Indexed on: 14 Dec '11Published on: 14 Dec '11Published in: American Journal of Gastroenterology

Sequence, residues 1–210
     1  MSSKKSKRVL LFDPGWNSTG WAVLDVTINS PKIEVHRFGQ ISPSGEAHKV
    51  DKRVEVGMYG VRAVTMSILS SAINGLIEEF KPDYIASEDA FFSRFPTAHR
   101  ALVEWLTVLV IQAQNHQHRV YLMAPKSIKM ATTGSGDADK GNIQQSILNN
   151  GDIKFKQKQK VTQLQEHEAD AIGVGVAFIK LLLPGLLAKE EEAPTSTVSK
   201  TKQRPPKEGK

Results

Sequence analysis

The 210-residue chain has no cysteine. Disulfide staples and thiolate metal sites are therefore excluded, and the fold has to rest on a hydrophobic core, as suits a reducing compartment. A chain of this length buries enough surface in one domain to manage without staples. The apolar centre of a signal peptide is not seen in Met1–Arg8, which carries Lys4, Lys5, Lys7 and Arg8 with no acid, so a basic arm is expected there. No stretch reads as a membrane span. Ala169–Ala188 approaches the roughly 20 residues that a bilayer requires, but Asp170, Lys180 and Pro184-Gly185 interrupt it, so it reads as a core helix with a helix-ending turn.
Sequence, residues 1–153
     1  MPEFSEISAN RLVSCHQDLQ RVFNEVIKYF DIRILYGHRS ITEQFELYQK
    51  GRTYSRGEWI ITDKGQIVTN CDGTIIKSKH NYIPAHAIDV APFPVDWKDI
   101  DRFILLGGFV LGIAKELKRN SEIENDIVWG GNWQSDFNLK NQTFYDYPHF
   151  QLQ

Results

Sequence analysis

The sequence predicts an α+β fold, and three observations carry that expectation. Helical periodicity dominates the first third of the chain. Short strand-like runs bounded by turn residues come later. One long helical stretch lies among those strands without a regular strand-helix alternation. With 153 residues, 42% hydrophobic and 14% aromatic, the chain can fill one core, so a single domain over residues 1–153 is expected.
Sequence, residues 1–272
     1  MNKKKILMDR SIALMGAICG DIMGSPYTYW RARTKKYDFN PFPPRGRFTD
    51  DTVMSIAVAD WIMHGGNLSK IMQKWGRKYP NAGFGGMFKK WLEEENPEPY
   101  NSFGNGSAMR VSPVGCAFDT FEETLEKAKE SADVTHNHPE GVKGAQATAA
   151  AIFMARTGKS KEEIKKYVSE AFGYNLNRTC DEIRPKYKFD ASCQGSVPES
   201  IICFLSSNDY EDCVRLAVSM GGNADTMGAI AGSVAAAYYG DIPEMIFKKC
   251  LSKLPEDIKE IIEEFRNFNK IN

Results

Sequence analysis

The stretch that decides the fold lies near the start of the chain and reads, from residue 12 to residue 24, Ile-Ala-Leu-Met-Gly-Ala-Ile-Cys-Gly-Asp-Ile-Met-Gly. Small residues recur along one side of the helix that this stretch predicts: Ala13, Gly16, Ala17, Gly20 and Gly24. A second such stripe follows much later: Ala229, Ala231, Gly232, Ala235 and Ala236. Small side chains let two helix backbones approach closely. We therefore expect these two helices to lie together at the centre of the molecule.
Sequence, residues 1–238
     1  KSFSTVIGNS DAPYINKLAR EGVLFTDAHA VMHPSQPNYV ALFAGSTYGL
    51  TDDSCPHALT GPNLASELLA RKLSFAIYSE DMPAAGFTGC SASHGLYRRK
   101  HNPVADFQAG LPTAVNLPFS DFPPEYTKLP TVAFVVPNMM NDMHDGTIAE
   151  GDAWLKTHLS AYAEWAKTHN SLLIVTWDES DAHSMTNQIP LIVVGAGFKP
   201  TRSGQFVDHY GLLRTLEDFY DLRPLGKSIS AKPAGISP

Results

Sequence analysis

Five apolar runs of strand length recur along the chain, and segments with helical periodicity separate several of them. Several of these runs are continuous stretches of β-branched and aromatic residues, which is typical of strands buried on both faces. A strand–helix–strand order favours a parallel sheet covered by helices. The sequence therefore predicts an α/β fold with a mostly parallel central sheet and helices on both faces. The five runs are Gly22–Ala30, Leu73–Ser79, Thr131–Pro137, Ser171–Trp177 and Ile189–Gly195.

Low-grade colonic mucosal inflammation has been postulated to have an important role in the pathophysiology of irritable bowel syndrome (IBS). The objectives of this study were (i) to identify serum and tissue-based immunological and neuroendocrine markers associated with mucosal inflammation in male (M) and female (F) patients with non-post-infectious IBS (non-PI-IBS) compared with healthy controls and (ii) to assess possible correlations of such markers with IBS symptoms.Sigmoid mucosal biopsies were obtained from 45 Rome II positive IBS patients without a history of PI-IBS (26 F, 35.5% IBS-C, 33.3% IBS-D, 31.1% IBS-A/M) and 41 healthy controls (22 F) in order to measure immunological markers (serum cytokine levels, colonic mucosal mRNA levels of cytokines, mucosal immune cell counts) and neuroendocrine markers associated with mucosal inflammation (corticotropin releasing factor- and neurokinin (NK)-related ligands and receptors, enterochromaffin cells). Symptoms were measured using validated questionnaires.Of all the serum and mucosal cytokines measured, only interleukin-10 (IL-10) mRNA expression showed a group difference, with female, but not male, patients showing lower levels compared with female controls (18.0±2.9 vs. 29.5±4.0, P=0.006). Mucosal mRNA expression of NK-1 receptor was significantly lower (1.15±0.19 vs. 2.66±0.56, P=0.008) in female, but not male, patients compared with healthy controls. No other significant differences were observed.Immune cell counts and levels of cytokines and neuropeptides that are associated with inflammation were not significantly elevated in the colonic mucosa of non-PI-IBS patients, and did not correlate with symptoms. Thus, these findings do not support that colonic mucosal inflammation consistently has a primary role in these patients. However, the finding of decreased IL-10 mRNA expression may be a possible biomarker of IBS and warrants further investigation.